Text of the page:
This Week's Top Reads (there are a six)

Nathanael Yellis By Nathanael Yellis • Last Updated May 18, 2021

Three Top Reads

New York Times: How to Spend 47 Hours on a Train and Not Go Crazy

Long-distance-train passengers tend to belong to one of four categories. The first, perhaps most obvious category is occupied by people who refuse to fly, whether because of religious beliefs, fear or health reasons, but there are fewer of these than you might expect. The second category belongs to train buffs, known less commonly as rail fans, GERFs (glassy-eyed rail fans), or foamers, a term coined by railroad employees to refer to people who became so excited by trains that they seem to foam at the mouth like rabies victims.

Read the whole Voyages piece on trains.

I normally think interviews are dumb and hard to read. But I liked this one from Jason Fried on his new book, Remote. Also is it on Quartz, so I am contractually obligated to like it.

Jason Fried’s next project, “Remote,” is a book-length refutation of Yahoo’s ban on telecommuting

Your accountants are usually outsourced, and your legal team too, and all that works fine. Most companies outsource that to someone in the same city or across the country, and never consider it to be a problem that their lawyers are not sitting next to them. 

So it’s always interesting to us that people think their own work can’t be done remotely. I think people need to start putting that together, that they already do hire people for remote work. They don’t happen to be employees but they’re vendors.

The whole interview at Quartz.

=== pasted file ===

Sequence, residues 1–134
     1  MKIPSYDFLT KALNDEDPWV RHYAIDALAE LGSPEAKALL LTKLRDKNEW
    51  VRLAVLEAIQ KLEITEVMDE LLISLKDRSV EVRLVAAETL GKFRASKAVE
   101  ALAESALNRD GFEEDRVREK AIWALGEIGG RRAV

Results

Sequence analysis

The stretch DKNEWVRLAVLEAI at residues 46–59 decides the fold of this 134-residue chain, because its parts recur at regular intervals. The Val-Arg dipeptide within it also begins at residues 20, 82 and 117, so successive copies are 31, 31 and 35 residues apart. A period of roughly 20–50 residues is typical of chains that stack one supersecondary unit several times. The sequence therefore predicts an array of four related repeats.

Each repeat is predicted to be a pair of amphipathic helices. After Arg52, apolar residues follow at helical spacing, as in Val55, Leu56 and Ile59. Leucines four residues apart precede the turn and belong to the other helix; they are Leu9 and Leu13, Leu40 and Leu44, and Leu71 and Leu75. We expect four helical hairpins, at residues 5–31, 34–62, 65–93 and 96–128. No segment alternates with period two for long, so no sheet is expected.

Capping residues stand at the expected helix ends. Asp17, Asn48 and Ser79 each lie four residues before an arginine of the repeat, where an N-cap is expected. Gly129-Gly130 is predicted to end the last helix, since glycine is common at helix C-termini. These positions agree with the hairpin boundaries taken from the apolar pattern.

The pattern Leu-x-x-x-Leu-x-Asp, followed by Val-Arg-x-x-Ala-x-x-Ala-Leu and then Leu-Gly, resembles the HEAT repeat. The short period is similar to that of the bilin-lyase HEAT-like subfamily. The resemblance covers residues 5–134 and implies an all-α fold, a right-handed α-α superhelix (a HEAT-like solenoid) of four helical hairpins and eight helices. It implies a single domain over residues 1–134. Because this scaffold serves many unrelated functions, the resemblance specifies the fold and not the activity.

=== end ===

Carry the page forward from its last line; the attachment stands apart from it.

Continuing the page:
TNR has a great read on why Washington is surprised when anyone breaks a mold, even if it was as predictable as the sun rising.

Washington Is Wrong About Cruz and Warren The freshmen senators are exactly who they promised to be.

As others have noted, Washington of late has had a double standard on high-profile arrivals, expecting Democrats to be respectful, diligent understudies and Republicans to be inexperienced, bumptious china-breakers. 

In fact, both Cruz and Warren are defying those stereotypes in different ways. How are they behaving? Not in accordance with pre-formed molds, but rather exactly as the Washington establishment should have expected them to—if it had bothered to pay attention to the senators' careers.

I read too much this week, so here are three more:

You know you want to read about how 2/3 of Alaskans are in their namesake airline's frequent flyer program. (Want to go to Wal*Mart? Fly there.) NYT Magazine: Alaska Airlines, Flying Above an Industry’s Troubles.

Grantland has this fascinating takedown of the Tiki Barber company where you pay old athletes to do things for you. The Wonderful and Weird World of Thuzio.

John Gruber, at Daring Fireball, illustrates the best kind of argumentative writing. Plus he's talking about technology and business practices. Open and Shut.

This Fast Company piece reads like a sendup of marketing, except when you realize the marketing professor means what he says and it is eerily like what the actual GOP is paying consultants to tell them. Rebranding The GOP: Can A Marketing Facelift Overhaul The Republican Party?

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